where Mr. Moore is employed in the 1
shipyards. 1
162-tf
a
ITOEBawjj
"WHERE EVERYBODY GOES"
I
j
To=Night
TURN
to the
RIGHT
ROAD SHOW
Curtain at 8:15
MONDAY AND TUESDAY
ANNETTE
KELLEBMAN
World's Perfect Woman, in
"QUEEN OF THE SEA
Balcony 25c
Lower 35c
Two Shows—7 and 8:45
Bonner Wants Sanitarium.
Through the local committee of the
Society for the Prevention of Tuber
culosis, of which Mrs. Hilford Thom
ason is chairman, an effort is being
made to locate one of the two state
Bonner county wanted representation
the commission that is to locate
the sanitaria, and also wanted con
sidération in the choice of a location
for one to be placed in the northern
port of the state.—Northern Idaho
News.
tuberculosis sanitaria authorized by
the last legislature somewhere on
Lake Pend d'Oreille, probably in the
neighborhood of Hope. A meeting
was held Monday night and a tele
gram sent to Secretary Biwer of the
state board of health, saying that
( ) !
Call for Your Bonds.
The federal reserve bank of San
Francisco, as fiscal agent of the
United States government in the
Twelfth Federal Reserve district, an
nounces that coupon bonds of the
Fourth Liberty loan as well as bonds
of the other loans have been delivered
to the banks through which subscrip
tions were received. Registered bonds
of the Fourth Liberty loan are being
delivered to subscribers as rapidly as
received from the treasury depart
ment in Washington. It is anticipat
ed that.- delivery of all registered
bonds will be completed by April 30,
1919.
Bar Ten From Citizenship.
BUTTE.—On petition of G. W. Tyl
government naturalization examin
Judge John V. Dwyer yesterday
canceled the citizenship papers of 10
six of whom were Swedes,
101 candles, of which Mr. Savage
claimed 51, but Mrs. Perry refused
to claim the remaining number,
out-of-town guests were Mrs. A. L.
Jarnett and daughter and Miss Helen
Savage of Pullman.
er.
er
persons,
two Norwegians, one Bulgarian and
native of Switzerland, on the
the
one
ground that when drafted into
United States service they refused to
fight for this country and withdrew
their papers. They are forever barred
from becoming citizens of this coun
try.
Troy to Have Fall Fair.
The question of holding a fair in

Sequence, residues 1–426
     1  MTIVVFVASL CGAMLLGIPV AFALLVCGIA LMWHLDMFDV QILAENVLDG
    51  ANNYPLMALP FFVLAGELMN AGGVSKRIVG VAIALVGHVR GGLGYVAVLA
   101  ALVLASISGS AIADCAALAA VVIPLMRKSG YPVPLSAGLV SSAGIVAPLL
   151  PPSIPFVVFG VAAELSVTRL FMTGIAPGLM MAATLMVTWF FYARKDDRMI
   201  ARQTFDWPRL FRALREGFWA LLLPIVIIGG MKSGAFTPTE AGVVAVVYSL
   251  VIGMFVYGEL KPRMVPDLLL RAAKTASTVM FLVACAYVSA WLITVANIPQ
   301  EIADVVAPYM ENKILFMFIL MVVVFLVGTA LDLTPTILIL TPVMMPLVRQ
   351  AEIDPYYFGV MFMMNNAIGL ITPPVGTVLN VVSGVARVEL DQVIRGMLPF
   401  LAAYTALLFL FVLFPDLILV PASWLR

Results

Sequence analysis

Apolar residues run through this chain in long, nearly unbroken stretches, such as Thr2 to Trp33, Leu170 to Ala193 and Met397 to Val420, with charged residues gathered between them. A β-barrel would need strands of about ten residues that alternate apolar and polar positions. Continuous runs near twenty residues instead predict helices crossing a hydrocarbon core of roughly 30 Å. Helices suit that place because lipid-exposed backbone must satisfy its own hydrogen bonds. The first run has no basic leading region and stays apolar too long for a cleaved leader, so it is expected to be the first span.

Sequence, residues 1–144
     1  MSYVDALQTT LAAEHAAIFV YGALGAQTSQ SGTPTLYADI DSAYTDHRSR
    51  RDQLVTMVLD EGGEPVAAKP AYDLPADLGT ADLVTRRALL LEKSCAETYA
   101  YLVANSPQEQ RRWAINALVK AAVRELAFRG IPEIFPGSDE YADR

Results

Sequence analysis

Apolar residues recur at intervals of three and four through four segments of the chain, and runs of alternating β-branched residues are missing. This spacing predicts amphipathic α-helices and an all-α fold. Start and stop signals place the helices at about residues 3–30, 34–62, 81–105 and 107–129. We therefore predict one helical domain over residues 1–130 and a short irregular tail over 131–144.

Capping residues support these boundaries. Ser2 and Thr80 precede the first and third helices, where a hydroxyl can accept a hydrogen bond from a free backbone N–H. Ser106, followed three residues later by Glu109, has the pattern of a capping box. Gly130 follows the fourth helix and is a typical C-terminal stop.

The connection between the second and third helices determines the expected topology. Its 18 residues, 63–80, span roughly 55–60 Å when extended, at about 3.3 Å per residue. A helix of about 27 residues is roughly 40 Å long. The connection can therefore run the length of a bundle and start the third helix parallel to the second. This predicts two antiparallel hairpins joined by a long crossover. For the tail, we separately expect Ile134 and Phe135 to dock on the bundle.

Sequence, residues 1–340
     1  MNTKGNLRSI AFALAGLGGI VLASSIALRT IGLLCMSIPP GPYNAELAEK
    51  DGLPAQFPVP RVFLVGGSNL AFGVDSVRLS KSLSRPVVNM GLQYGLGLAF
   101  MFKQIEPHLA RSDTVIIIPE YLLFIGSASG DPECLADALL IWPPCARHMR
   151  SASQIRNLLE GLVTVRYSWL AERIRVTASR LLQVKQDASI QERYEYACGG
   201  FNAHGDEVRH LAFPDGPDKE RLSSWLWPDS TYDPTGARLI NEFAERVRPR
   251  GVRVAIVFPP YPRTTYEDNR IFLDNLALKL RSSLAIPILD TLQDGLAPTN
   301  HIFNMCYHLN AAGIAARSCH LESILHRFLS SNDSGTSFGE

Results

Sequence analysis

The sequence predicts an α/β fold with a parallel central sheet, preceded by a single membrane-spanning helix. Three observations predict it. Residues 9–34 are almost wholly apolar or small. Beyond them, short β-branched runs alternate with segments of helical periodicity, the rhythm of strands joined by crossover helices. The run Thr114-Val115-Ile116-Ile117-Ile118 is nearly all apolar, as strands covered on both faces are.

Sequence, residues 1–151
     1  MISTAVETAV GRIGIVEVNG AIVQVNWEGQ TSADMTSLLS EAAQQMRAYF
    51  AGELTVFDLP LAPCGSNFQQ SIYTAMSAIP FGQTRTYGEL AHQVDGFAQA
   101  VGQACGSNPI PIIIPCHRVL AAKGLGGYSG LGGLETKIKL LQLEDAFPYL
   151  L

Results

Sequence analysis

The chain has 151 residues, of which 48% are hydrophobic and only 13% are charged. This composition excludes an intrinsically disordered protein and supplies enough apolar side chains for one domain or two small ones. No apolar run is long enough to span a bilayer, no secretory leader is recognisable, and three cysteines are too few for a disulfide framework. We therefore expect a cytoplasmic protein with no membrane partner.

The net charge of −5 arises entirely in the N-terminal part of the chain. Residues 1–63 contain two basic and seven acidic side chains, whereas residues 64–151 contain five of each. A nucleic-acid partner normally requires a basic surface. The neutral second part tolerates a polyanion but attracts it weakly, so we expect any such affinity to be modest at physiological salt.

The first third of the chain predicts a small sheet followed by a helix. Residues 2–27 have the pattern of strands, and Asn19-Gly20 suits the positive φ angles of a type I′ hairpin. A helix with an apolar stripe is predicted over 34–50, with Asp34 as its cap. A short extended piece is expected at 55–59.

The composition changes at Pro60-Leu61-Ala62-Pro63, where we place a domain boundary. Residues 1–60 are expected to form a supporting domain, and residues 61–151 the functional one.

Troy this fall was brought up at the
meeting of the commercial club Wed
nesday evening, but as it was late
when the matter was introduced, it
was
meeting when the question will be
into more thoroughly. Every
present expressed himself as
heartily approving the idea, and it is
quite safe for The News to state that
dates will be announced later, and
that an attractive premium list will
be issued.—News.
decided to wait until the next
gone
one
PR
Mrs. Savage Entertains.
Mrs. George Savage entertained at
birthday party last Thursday even
ing, the guests of honor being Mrs.
H. O. Perry and Mr. Savage, their
birthdays occurring on the same day.
The beautiful birthday cake contained
The
NEED GIRL LINGUISTS
Are Very Much in Demand at
Peace Meeting.
Women Who Know Several Languages
Can Demand Their Own
Terms.
London.—The woman who knows
other languages besides her own is
reaping a rich harvest now and she
is likely to become more valuable as
time goes on, not only to herself, but
to her country.
For months before the peace confer
ence in Paris, the British government i
searched through the thousands of |
women an girls employed in different i
departments, finding out those who |
could speak and write French fluent
ly, those who were able to translate j
one tongue into the other idiomatical- !
ly, using (he "words which have come
into currency in the last few years 1
in both. As the English are not a na- !
tion of linguists there was not. a great
harvest, but those who had tongues in
their heads are receiving their reward j
in generous proportion.
Tile chief members of the British
and American delegations have confi
dential woman secretaries, who have ;
been chosen as individuals because ;
they had special qualifications; those :
who are able to speak three or four
languages—English, French, Italian, |
German and Russian—are so much in
demand that they can command their i
own terms. Incidentally they stand to ;
be killed with overwork during the
next six months.
But of course, Just being a linguist
Is not enough in these days of delicate
international relations. In order to he
of any use to their chiefs these wom
en have got to be Anglo-Saxon bred,
and must be right up to the minute in
questions of (be day in their own conn- j